Armenian church leader calls Lebanon back from the brink of collapse

By staff writers
January 13, 2007

The former moderator of the World Council of Churches, Catholicos Aram I of the Armenian Apostolic Church, says Lebanese leaders need to sustain the democracy they have and not continue fomenting insecurity that could easily trigger more unrest in Lebanon, reports Ecumenical News International.

"Lebanon is again in conflict," said Aram. "Despite the self-constraining efforts of parties to restrain the current conflict to political and democratic boundaries, a small spark can ignite the tense atmosphere and lead the country towards unpredictable and uncontrollable situations."

Aram, who is Catholicos of the Holy See of Cilicia, conducted a Mass for the Armenian church's celebration of Christmas on 6 January 2007 and delivered a sermon in the St Gregory the Illuminator Cathedral in Antelias, where government officials and a large number of faithful were gathered.

Lebanon's opposition-backed labour unions on 11 January suspended protests against government economic reform plans, but the Hezbollah movement said it would soon step up a campaign to topple the government.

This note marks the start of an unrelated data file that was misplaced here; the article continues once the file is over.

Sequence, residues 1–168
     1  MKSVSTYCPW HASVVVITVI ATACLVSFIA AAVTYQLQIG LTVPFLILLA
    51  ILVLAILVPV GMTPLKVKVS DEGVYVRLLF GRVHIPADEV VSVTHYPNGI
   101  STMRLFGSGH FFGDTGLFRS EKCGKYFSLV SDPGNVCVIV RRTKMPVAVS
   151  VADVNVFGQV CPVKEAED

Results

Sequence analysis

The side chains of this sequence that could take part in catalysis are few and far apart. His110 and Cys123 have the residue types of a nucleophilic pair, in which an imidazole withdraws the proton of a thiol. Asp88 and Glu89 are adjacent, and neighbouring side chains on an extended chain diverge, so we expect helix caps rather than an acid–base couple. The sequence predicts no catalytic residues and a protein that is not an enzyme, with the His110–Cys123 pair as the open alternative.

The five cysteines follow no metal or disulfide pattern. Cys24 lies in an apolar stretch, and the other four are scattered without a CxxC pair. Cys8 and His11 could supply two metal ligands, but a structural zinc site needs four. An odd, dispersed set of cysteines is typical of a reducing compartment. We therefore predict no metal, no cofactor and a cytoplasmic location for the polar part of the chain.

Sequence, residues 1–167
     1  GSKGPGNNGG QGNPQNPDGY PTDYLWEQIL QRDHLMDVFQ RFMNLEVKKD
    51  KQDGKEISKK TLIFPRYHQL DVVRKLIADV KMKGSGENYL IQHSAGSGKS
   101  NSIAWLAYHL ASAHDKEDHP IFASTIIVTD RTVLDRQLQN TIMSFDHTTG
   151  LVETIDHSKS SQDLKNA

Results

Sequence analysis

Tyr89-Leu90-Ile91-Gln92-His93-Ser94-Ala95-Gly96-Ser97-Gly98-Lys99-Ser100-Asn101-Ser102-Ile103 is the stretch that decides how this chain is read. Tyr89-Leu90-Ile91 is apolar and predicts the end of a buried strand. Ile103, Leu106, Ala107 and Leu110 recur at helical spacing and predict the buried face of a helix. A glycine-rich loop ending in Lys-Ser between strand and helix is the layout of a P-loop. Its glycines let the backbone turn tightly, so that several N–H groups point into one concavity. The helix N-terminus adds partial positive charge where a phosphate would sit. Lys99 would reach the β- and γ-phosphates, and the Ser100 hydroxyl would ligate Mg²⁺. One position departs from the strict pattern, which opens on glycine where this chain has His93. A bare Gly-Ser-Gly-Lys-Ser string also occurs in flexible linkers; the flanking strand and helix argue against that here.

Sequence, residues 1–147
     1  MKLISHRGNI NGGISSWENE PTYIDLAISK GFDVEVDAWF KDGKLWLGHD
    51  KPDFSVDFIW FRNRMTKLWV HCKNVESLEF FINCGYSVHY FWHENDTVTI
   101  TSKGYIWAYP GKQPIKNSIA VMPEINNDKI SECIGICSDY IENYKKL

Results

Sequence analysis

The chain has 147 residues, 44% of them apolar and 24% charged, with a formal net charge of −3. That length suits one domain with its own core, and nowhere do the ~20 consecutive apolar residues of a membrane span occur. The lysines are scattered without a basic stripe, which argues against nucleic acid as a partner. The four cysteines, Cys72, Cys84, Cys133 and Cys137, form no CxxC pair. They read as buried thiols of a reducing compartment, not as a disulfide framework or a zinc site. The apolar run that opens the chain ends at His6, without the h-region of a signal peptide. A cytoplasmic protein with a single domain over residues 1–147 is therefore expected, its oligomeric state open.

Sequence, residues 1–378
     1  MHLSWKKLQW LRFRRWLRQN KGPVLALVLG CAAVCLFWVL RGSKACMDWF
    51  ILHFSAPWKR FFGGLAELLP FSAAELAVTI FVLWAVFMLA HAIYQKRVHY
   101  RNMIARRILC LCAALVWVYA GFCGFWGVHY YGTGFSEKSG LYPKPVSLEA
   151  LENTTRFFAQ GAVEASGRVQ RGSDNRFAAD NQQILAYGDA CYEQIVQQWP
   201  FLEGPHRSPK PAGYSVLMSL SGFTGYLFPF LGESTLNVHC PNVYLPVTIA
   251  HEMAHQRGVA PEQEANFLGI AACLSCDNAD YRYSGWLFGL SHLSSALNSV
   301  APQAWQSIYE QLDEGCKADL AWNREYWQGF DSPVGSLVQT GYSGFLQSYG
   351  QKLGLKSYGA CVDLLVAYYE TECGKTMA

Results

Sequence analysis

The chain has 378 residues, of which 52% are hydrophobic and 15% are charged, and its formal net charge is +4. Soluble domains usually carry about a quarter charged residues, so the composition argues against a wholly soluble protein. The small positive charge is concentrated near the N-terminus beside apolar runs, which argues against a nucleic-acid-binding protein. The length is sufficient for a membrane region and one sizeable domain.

Protesters have since 1 December camped outside Prime Minister Fuad Saniora in Beirut seeking to pressure him to give more power to the opposition in a new government of national unity or to call early elections.

"We are destroying Lebanon. We are driving the people towards hopelessness," Aram warned in his sermon. "Where are we as spiritual leaders? Where are the government officials, where are the civil society, the political and party leaders? There is a lack of political maturity and common responsibility. Political culture is at the doorsteps of bankruptcy."

Aram said nobody had the right to drag Lebanon into "uncertainty and polarisation". He said, "This people only witnessed war, poverty and blood for 30 years. A whole generation was formed in these circumstances. Let this people live in peace and dignity."

The Catholicos said Lebanon could no longer be a stage for regional and international conflicts. "Let's not allow others to meddle into our internal affairs. No matter how respectable others are, Lebanon's prime interests are not up to bargaining," said Aram.

[With grateful acknowledgements to ENI. Ecumenical News International is jointly sponsored by the World Council of Churches, the Lutheran World Federation, the World Alliance of Reformed Churches, and the Conference of European Churches]

Although the views expressed in this article do not necessarily represent the views of Ekklesia, the article may reflect Ekklesia's values. If you use Ekklesia's news briefings please consider making a donation to sponsor Ekklesia's work here.